So I panicked and insisted we drive him directly directly to the emergency room because, my god, when has a baby ever thrown up before? The Queen pretended to play along, but basically stalled and waited for me to come to my senses. "I'll get ready to go," she said, and then went into the bathroom and slowly bushed her teeth. Meanwhile, I did a Google search for "baby +vomiting" and got around 40 quintillion hits, and every site said things like "You should take your child to the urgent care unit if (a) he is throwing up every five minutes (b) for 350 hours continuously. Otherwise: welcome to parenthood! Hope you enjoy doing laundry, chump!" That calmed me down (or maybe I had just become apathetic and uncaring about everything, as I always do after surfing the web) and I went into the bedroom, where The Queen was still clad and her pajamas, and announced that I didn't think a trip to the emergency room was required after all.

We put The Squirrelly to bed and the next morning he ate a modest breakfast. His appetite was diminished for the remainder of the day, but we cycled so much electrolyte solution through his system that he was as hydrated as a sea sponge. Also, he took a two-hour nap in the morning and another in the afternoon -- vomit more often, kiddo! By the time he ate a smallish dinner and went to sleep Saturday evening, we thought the worst was behind us.

And then came Sunday -- Palm Sunday, according to the calendar, but that we in the Baldwin household shall forever remember as "That One Day When We Were Totally Sick, Holy Shit Were We Ever Sick That Day."

I kicked of the festivities around 5:00 in the morning. "Wow, I feel totally nauseated*," I announced, and then went into the bathroom and proved it. "Are you pregnant?" The Queen asked when I returned. "Oh just you wait, wife o' mine," I retorted. "You'll get yours."

Well, I didn't really retort that. But I would have had the world's best "I told you so!" about five hours later if I had.

Since our bodies were hosting clearance sales ("Everything must go!!") from 10 o'clock onwards, The Queen and I had about one joule of energy between the two of us, while The Squirrelly, full of vim after recovering from his bout, was a lil' dynamo, and the whole day played out like a children's book about cheetah kitten adopted my a family of sloths. Basically, we did the entire day in two hour shifts: one of us would lay in bed and moan, and the other would "take care of the baby," which consisted of watching him play while they lay on the couch and moaned.

Which brings me back to the Busy Ball Popper. When The Squirrelly first received it, I was skeptical -- it's hyperkenetic and too colorful and not interactive, a TV without a volume control knob, essentially. But that was before it parented our child for an entire day. Between it and the Laugh and Learn Learning Home he was pretty much occupied for the entire day, and all we had to do was occasionally carry him to his high chair and hurl handfuls of Cheerios in his general direction. And he even had Baby Tad to give him appropriate, confidence-building affirmations ("I love you!!"), whereas the best I could muster was to crawl up to him at one point and croak "Despite the fact that you picked up this hideous disease at daycare and brought it home to your loving parents, we don't want you to consider our suffering 'your fault,' although we certainly do."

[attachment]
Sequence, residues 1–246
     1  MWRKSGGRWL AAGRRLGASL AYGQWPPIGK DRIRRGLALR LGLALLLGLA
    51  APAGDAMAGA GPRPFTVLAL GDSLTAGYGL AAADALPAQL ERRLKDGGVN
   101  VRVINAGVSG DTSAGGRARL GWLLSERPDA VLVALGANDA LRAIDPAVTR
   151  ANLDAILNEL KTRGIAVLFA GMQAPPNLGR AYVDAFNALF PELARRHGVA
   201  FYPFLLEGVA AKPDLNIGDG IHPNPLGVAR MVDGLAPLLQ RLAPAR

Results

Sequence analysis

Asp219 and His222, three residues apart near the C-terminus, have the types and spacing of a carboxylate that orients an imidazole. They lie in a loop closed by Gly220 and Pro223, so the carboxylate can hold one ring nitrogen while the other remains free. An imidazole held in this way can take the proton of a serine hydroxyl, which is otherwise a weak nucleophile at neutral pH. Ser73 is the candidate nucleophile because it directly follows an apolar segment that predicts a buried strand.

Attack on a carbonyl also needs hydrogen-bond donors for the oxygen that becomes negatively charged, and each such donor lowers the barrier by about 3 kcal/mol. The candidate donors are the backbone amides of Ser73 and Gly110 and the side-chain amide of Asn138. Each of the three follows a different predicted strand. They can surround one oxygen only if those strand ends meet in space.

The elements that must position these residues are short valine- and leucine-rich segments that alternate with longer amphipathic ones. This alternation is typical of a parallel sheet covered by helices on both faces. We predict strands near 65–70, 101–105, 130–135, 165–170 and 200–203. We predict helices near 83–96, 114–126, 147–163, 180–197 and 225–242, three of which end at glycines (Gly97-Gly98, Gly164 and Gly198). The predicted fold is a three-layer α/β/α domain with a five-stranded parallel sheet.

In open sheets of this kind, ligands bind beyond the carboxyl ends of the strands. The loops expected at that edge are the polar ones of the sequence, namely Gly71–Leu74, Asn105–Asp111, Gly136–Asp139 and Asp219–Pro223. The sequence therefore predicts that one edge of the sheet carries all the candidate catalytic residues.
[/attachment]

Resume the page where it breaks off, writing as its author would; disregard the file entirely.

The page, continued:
(Oh, I never mentioned that The Squirrelly began daycare? He started last Wednesday. And he got sick on Friday. And the incubation period for this illness is two days. You do the math. The only other child at the daycare Wednesday was an adorable little girl named Avery, so we have of course fingered her as the culprit, and have even been jokingly referring to the bug as the "Avery Influenza" or, when we don't have the strength to articulate that many syllables, the "bird flu." That's right: we have named the disease that has made us want to die after another disease that actually kills people. This is what has passed for jocularity around here recently.)

Anyway, today we woke up feeling well enough to drink coffee, which, around here, is pretty much the continental divide between life-threatening and benign illnesses. I even ate a bowl of corn flakes, an act that was unthinkable 24 hours ago. (The only thing I ate yesterday was a single rice cake, and that took two hours of dedicated effort.) And judging from The Squirrelly, who today seems fit as fiddle, I should be tip-top again by Wednesday.

Although I'm not sure the trajectory of my recovery will mirror that of the kid's, since the disease has affected us in profoundly different ways. We had the same symptoms, sure. But The Squirrelly took the illness in stride, weathering it like a man; whereas I weathered it like a helpless, mewling baby.

* Yeah, so I actually said "nauseous." Sue me.
March 10, 2005


The Squirrelly just turned one (as I mentioned), so we had a birthday party for him last weekend. In anticipation, The Queen went to the store to buy decorations. I didn't think we really needed them since only a few family members would be attending, but she somehow got it in her head that they were mandatory.